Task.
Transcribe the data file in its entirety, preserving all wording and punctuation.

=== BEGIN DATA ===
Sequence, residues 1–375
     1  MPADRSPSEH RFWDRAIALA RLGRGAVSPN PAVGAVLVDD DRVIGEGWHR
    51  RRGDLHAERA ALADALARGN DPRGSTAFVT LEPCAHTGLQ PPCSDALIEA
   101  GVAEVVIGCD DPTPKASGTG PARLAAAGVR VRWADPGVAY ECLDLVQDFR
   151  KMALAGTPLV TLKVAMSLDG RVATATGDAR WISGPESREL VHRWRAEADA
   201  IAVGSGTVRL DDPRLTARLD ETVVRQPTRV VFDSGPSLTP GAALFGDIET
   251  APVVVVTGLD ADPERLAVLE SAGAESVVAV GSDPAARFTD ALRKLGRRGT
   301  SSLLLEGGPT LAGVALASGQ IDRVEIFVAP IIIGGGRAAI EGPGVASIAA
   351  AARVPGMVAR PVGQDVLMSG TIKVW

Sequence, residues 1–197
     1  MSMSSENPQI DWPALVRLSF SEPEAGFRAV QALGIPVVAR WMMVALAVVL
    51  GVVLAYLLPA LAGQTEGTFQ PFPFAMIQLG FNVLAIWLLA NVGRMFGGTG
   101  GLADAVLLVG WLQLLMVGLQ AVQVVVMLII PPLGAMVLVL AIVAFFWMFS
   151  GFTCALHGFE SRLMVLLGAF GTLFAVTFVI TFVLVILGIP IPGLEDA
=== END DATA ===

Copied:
Sequence, residues 1–375
     1  MPADRSPSEH RFWDRAIALA RLGRGAVSPN PAVGAVLVDD DRVIGEGWHR
    51  RRGDLHAERA ALADALARGN DPRGSTAFVT LEPCAHTGLQ PPCSDALIEA
   101  GVAEVVIGCD DPTPKASGTG PARLAAAGVR VRWADPGVAY ECLDLVQDFR
   151  KMALAGTPLV TLKVAMSLDG RVATATGDAR WISGPESREL VHRWRAEADA
   201  IAVGSGTVRL DDPRLTARLD ETVVRQPTRV VFDSGPSLTP GAALFGDIET
   251  APVVVVTGLD ADPERLAVLE SAGAESVVAV GSDPAARFTD ALRKLGRRGT
   301  SSLLLEGGPT LAGVALASGQ IDRVEIFVAP IIIGGGRAAI EGPGVASIAA
   351  AARVPGMVAR PVGQDVLMSG TIKVW

Sequence, residues 1–197
     1  MSMSSENPQI DWPALVRLSF SEPEAGFRAV QALGIPVVAR WMMVALAVVL
    51  GVVLAYLLPA LAGQTEGTFQ PFPFAMIQLG FNVLAIWLLA NVGRMFGGTG
   101  GLADAVLLVG WLQLLMVGLQ AVQVVVMLII PPLGAMVLVL AIVAFFWMFS
   151  GFTCALHGFE SRLMVLLGAF GTLFAVTFVI TFVLVILGIP IPGLEDA